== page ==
Garden Mama: Lessons from the Garden

gardening

Whether you have a garden of your own or are enjoying beautiful flowers in your neighbor’s yard or sampling fresh produce from local farmer’s markets, you have probably noticed that this has been an exceptional year for gardens in Kansas City! Our small backyard garden has produced more this year than we ever thought it could! We had a couple of crop fails, but have been blessed with a bumper crop of tomatoes, cherry tomatoes, butternut squash, zucchini, strawberries, cantaloupe (a first for us!), lettuce, jalapeños, green and red peppers, and green beans.

We have eaten a lot of our produce fresh, straight from the garden. We had an abundance of zucchini this year, so in addition to sharing our harvest with our neighbors, I tried out some new recipes:

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Parmesan Zucchini Crisps, via // Turkey Sausage Stuffed Zucchini, via (modified)

What we haven’t been able to eat fresh, we have shared with neighbors, co-workers, and friends, or we’ve preserved. My favorite preservation method is water-bath canning. I come from a family of “canners,” and I love the aspect of carrying on family tradition through canning. Both of my grandmas “put up” food for the winter using this method, and my mom, who taught me the tricks of the trade, has been canning for over 40 years. I did some basic canning last year, but this year is the first time I have really gotten creative with it. Once you get the hang of it, it’s addicting! Here are a few things I canned this year:

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Zucchini Pepper Relish, via // Balsamic Cherry Tomato and Caramelized Onion Conserve, via // Peaches, via

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Jalapeño Salsa, family recipe // Tomato Basil Jam, via // BBQ Sauce, via

If stored in a dark, cool, dry place (we have a small linen closet in our basement where we keep ours), home canned goods will keep for 12-18 months. If you have never canned before but are interested in learning more, there are many great resources to help you learn. The best two books I own on the subject are Ball’s Blue Book Guide to Preserving and Better Homes and Gardens Can It! There are also some great local classes available through University of Missouri Extension, The Culinary Center of Kansas City, and BADSEED (BADSEED did not offer classes in 2014, but plan to resume in 2015–I have heard nothing but great things about the classes they they offer!).

I have definitely canned more than our family can eat, but I have done so with the intent to share our garden goodness year round! Canned goods make great gifts for co-workers, friends, or daycare providers. Dress up your gift: remove the metal ring, add a colorful circle or paper or cloth on the lid, replace the ring; or tie a small serving spoon or spice packet around the neck of the jar using baker’s twine or ribbon. Canned goods are also easy to take to work treat days, potlucks, or parties. Is there anything easier than grabbing a can of salsa and a bag of chips? For something a bit more fancy, you can spread conserve or jelly over a wheel of brie cheese, bake until heated through, and serve with crackers or breads.

Now that cooler weather has come to KC, our garden crops are almost done for the year. Every year, but this year especially, I feel overwhelmed with gratitude for our garden; having a garden, no matter what size or what you grow, is filled with reward – not only because you are harvesting something that you have nurtured and grown, but because for us, it’s become precious family time and a way to connect with family and friends.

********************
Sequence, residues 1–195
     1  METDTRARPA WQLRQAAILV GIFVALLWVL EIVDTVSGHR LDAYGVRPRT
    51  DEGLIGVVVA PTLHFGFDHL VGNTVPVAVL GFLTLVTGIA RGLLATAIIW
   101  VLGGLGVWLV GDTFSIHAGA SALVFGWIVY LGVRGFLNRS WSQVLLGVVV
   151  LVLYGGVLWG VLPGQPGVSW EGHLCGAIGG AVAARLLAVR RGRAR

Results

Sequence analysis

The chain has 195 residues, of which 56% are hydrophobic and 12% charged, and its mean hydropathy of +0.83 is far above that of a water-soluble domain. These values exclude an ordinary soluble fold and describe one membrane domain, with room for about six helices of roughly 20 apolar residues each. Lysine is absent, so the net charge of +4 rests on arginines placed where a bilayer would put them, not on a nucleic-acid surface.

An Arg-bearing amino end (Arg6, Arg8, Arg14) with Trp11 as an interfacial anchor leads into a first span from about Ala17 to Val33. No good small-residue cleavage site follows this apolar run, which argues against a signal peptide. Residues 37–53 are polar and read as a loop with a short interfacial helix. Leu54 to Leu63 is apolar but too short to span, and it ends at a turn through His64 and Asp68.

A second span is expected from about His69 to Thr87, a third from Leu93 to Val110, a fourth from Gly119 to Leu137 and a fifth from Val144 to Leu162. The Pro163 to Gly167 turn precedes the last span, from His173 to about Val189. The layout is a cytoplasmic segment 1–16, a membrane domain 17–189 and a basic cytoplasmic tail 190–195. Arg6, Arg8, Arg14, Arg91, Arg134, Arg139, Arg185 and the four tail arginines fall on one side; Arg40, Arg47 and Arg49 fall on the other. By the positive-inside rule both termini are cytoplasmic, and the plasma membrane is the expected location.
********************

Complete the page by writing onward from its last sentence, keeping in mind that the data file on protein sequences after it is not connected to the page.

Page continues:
Most nights this summer, I watched from the kitchen window as my nearly two-year-old daughter and my husband walked out to our garden, buckets and bowls in hand, excited to see what had grown or changed since the night before. My spirit was filled with pride as he taught her to gently pluck the cherry tomatoes from the vine, showing her the difference between the green, unripe tomatoes and the plump, red ones.

My husband and I stood side by side in the kitchen one date night, blanching, peeling and chopping tomatoes, jalapeños, and onions to make homemade salsa, following his mom’s family recipe with wine in hand and jazz playing in the background.

We pulled our little red wagon around the neighborhood, our daughter proudly giving peppers, “you-cchini” and “matoes” to our neighbors.

I spent countless hours at the stove, canning anything that can be canned. While I work, I think of my Grandma Mills and how everyone fought over jars of her fabulous sweet pickles in the annual family Christmas “gift war.” I think of my Grandma Axdahl and how I can faintly remember she and my mom cutting corn off the cob for freezing, while my sisters and I sat under the kitchen table, eating the kernels that would fall to the floor.

And I think of my mom, dad, and sisters. How countless hours in our garden growing up truly did build character – but it also built family traditions, relationships, and love. I hold fast to the hope that my own gardening endeavors will do the same for my children.

Truly, garden has doubled my joy.

This post and the Garden Mama Series is dedicated to my grandpa and grandma, Herman & Sarah Axdahl, in loving memory; my grandpa Chuck Mills and his ability to grow watermelons like no one else; my grandma Thelma Mills and her wonderful sweet pickles; my mom, Judy Mills, for her patient teaching and super-canning skills; my dad, Dale Mills, for teaching us to bloom where we are planted; and my sisters, Emily, Eli, and Eva, for all the time we spent together in the garden growing up … building our character.

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